Subaru covered the seats premium cloth or leather, with heating for the front. S gets power adjustment, with driver memory positions. Sadly, no lumber adjustment. S models add one-touch rear-seat folding (60/40 split for all models). Added to that roomy rear space, are reclining backrests. Knee room is about 10cm with 4×6’ occupants on board.
The dash has a similar sturdiness to it. The lines are complex, and the materials soft. Everything is where you expect it to be.
FORESTER Hybrid has two trim levels, Hybrid L, and Hybrid S.
You get DUAL ZONE climate control, and all the EYESIGHT safety features. Only the Premium and S FORESTERs have built in navigation. On all other FORESTERs, you can use Apple CarPlay/Android Auto and the maps contained therein.
This phone mirroring gives you full control via the 6.5” (8” touch screen, and there is voice control too. While in cell range, Siri will work by pressing the button. If you prefer radio, DAB/FM/AM stations can be stored as favourites.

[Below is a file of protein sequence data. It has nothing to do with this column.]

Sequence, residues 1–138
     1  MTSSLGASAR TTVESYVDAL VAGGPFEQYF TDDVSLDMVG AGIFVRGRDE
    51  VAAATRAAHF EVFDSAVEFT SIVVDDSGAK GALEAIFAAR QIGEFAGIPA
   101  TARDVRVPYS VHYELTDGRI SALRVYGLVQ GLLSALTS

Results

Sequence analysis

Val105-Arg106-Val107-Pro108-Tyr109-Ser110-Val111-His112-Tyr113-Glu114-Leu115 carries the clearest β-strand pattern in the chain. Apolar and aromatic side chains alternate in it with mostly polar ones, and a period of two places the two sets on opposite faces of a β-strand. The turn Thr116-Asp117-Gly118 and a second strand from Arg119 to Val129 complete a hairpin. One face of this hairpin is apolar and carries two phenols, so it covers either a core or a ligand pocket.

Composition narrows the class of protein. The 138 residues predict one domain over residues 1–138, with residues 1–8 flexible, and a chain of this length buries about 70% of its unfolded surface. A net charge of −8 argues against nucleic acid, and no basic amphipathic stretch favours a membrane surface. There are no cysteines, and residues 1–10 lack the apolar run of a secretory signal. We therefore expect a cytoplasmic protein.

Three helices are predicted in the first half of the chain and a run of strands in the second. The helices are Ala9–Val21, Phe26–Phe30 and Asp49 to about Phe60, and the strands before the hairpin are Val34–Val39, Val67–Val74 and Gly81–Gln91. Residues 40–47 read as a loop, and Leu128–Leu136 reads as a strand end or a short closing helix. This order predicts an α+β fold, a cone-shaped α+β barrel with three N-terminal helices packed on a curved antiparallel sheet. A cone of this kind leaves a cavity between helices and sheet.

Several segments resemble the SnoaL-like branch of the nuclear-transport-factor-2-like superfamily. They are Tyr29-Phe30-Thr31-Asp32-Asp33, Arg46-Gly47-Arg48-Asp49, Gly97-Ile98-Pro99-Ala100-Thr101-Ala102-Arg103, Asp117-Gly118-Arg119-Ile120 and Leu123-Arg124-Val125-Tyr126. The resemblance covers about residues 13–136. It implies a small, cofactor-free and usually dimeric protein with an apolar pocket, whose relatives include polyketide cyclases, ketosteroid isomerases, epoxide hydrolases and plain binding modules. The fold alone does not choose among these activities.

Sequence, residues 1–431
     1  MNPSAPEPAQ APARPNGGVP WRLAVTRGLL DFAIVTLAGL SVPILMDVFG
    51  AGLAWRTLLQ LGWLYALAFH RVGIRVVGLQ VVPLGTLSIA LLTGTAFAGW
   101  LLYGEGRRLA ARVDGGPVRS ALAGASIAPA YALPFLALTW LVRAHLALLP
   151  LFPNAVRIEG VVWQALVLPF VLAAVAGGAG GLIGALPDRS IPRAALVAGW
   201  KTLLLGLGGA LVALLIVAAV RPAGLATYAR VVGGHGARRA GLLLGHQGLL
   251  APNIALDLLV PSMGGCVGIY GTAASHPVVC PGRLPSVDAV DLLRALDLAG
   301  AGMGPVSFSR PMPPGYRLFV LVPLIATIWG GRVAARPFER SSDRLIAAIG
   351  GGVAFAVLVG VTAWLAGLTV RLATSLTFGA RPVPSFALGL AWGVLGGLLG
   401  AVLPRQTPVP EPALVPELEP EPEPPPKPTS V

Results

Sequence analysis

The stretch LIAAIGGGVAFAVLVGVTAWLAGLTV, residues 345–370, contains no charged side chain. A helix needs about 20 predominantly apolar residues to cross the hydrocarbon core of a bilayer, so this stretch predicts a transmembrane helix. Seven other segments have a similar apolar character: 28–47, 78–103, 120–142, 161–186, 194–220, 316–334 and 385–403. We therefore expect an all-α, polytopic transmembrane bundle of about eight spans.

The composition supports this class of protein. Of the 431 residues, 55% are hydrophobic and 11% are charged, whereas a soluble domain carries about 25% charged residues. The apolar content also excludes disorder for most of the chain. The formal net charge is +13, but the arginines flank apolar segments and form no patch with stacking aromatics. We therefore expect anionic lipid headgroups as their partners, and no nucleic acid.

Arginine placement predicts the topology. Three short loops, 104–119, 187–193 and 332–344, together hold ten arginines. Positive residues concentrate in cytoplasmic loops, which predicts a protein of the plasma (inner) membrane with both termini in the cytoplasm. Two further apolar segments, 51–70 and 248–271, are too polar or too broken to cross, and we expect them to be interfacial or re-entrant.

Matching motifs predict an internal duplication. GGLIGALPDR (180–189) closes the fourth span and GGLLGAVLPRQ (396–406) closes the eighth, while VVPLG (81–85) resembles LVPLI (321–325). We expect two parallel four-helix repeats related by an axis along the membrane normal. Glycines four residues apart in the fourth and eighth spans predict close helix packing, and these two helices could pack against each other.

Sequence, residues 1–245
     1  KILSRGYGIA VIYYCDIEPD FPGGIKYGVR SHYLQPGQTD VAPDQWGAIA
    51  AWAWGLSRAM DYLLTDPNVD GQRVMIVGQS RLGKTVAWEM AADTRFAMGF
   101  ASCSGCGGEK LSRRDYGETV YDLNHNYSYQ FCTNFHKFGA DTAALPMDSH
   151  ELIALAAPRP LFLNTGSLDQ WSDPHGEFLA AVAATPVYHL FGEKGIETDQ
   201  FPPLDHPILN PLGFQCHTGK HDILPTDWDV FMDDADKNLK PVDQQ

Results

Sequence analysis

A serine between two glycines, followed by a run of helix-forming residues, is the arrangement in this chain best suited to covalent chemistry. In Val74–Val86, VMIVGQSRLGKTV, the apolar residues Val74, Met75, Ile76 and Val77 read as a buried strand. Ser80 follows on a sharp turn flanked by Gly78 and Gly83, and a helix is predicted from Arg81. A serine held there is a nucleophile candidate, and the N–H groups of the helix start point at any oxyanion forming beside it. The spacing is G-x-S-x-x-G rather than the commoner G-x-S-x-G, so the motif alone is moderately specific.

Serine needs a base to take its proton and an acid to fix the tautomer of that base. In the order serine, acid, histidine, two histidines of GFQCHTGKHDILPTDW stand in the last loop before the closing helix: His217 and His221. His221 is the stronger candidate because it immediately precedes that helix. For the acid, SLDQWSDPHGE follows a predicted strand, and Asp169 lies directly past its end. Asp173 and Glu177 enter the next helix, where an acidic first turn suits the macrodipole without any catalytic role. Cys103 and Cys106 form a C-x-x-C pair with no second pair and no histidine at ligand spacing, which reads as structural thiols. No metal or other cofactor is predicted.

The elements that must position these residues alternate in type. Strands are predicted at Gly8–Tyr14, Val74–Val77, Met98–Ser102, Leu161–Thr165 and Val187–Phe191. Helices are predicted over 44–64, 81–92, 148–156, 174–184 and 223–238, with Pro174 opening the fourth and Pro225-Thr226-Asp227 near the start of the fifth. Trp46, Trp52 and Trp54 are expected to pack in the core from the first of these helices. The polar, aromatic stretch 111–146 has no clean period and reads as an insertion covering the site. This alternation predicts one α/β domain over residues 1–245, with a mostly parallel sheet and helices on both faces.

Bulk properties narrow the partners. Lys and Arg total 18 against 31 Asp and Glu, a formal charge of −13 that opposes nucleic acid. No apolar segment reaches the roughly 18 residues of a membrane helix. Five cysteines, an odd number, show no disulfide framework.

There are readouts galore. Functions are cleverly split, and in some cases duplicated. Driver displays have twin dials, and a 4.2” MFD (multi-function display with digital Speedo). On the centre stack, another MFD is set high above the touch screen. Both of the MFDs are covered by deep visors to prevent nasty glare from the sun. Other surfaces are matte to stop the afternoon sun from blinding the driver. Only the touch screen and gear knob have shiny piano black. That’s a fashion I hope soon will pass.
You get 3X 12v sockets, a AUX socket, and a 2X USB jack (a further 2 in the rear), as well as a bin to rest your phone while plugged in. Make sure you use the correct USB if you want to connect to Apple CarPlay/Android Auto. Otherwise, the USB outlets are power only.
There are 4X cupholders (front console, rear armrest), large bin/bottle holders in all 4 doors, a cargo blind, and some neat hooks for bags and so forth.
On the Road:
Once in the saddle for a few hours, you really settle in for the long haul. FORESTER has supportive seats and the driving position is perfect. There is plenty of space to stretch out, and the rear passengers find more than enough room even with all occupants being adults.
The driver is the one who is really spoilt.